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July 10, 2019

Nintendo Switch Lite’s trade-off of whimsy for practicality is a good one

Nintendo today revealed a new Switch Lite version of its current-generation console, which attaches the controllers permanently, shrinks the hardware a bit and adds a touch more battery life — but it also takes away the “Switch” part of the equation, because you can only use it handheld, instead of attached to a TV or as a unique tabletop gaming experience.

The changes mostly seem in service of bringing the price down, as it will retail for $199 when it goes on sale in September. That’s $100 less than the original Switch, which is a big price cut and could open up the market for Nintendo to a whole new group of players. But it’s also a change that seems to take away a lot of what made the Switch special, including the ability to plug it into a TV for a big-screen experience, or quickly detach the Joy-Con controllers for motion-control gaming with rumble feedback.

Switch Lite makes some crucial changes that I suspect Nintendo knows are reflective of how a lot of people actually use the Switch, regardless of what the aspirational, idealized Switch customer does in Nintendo’s ads and promo materials. As mentioned, it should bump your battery life during actual gameplay — it could add an extra hour when playing The Legend of Zelda: Breath of the Wild, for instance. And the size savings mean it’s much easier to slip in a bag when you head out on a trip.

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The new redesigned, permanently attached controllers also include a proper D-pad on the left instead of the individual circle buttons used on the Joy-Pad, and the smaller screen still outputs at the same resolution, which means things will look crisper in play.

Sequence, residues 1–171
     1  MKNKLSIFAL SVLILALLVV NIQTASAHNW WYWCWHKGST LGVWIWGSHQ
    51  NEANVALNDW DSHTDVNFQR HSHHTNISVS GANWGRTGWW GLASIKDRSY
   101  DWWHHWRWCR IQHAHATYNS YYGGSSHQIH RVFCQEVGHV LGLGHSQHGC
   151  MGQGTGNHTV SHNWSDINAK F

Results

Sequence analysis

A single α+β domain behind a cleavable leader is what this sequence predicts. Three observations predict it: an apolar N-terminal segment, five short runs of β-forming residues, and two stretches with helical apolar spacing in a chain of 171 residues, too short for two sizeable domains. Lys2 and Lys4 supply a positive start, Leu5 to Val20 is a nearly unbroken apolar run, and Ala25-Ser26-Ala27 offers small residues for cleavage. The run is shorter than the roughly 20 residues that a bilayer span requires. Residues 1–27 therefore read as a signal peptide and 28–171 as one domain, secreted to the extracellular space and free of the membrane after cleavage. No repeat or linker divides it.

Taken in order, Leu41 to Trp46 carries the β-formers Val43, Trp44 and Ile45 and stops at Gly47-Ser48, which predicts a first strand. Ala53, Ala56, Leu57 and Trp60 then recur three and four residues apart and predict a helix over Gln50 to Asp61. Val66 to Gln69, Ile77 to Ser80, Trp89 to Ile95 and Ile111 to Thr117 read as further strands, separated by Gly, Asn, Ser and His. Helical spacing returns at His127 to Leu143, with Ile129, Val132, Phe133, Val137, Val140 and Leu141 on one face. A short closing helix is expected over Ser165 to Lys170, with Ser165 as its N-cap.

For me, and probably for a lot of Switch users, the trade-offs made here are actually improvements that reflect 90% of my use of the console. I almost never play plugged into a TV, for instance — and could easily do without, since mostly I do that for one-off party-game use that isn’t really all that necessary. The controller design with a D-pad is much more practical, and I have never used motion controls with my Switch for any game. Battery life means that you probably don’t need to recharge mid-trip on most short and medium-length trips, and the size savings means that when I’m packing and push comes to shove, I’m that much more likely to take the Switch Lite rather than leave it at home.

Already, some critics are decrying how this model makes the Switch “worse” in almost every way, but actually I think it’s just the opposite — Nintendo may have traded away some of its trademark quirk with this version, but the result is something much more akin to how most people actually want to use a console most of the time.


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